It looks like the stormy outlook for our nation’s banks continues. Not only are their balance sheets under continual scrutiny, but new regulatory requirements will also mean further adjustments.
With the Moody’s downgrade of the Co-operative’s banking business sending concerned ripples throughout the financial community, the spectre of a banking system in crisis re-appears.
How can this possibly be the case five years into the current financial situation? Is it possible that our banks have still not truly faced up to the shocking state of their balance sheets?
What is especially worrying about the Co-operative Bank’s situation is that they have only recently pulled out of a planned purchase of 630 branches from Lloyds.
So let’s try to get our heads round this.
A bank that has now been downgraded to junk status by a rating agency and is facing a shortfall in its capital of £1bn (possibly needing Government support) and just reported a whopping £674 million loss, was at the same time trying to buy 630 branches from another bank!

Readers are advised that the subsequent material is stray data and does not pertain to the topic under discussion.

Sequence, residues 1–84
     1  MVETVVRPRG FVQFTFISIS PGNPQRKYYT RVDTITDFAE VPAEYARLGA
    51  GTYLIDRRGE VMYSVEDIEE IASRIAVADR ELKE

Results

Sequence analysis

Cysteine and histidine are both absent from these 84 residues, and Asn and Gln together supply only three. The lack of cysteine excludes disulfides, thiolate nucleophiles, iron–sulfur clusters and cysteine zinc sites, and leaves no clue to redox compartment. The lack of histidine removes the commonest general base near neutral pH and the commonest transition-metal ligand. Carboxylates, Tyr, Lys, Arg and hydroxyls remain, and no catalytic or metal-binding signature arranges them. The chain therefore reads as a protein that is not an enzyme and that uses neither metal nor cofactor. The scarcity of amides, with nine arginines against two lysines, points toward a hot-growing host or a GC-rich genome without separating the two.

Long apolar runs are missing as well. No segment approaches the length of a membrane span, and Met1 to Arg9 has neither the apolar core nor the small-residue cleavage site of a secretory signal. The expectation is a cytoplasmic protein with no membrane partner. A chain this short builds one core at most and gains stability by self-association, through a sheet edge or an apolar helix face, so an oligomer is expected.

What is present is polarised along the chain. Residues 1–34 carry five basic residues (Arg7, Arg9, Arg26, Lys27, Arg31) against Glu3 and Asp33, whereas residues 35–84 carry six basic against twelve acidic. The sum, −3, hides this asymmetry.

Bonkers? I think so.
There is still a whiff of fantasy in the air. It is as if our nation’s lenders think that by closing their eyes and wishing hard everything will return to the heady days of the recent past.
Anyone watching the excellent BBC Two series Bankers will be under no such illusion. A return to the excesses of the last 20 years (up to the crash) is not going to happen. Our banking system is only just underway with a long, painful retrenchment that may last a decade or more.
As business owners we must understand that the options for financing our operations have also changed. The landscape of alternative funding sources, such as pension-led funding, is likely to expand – and expand fast.
At least that is good news.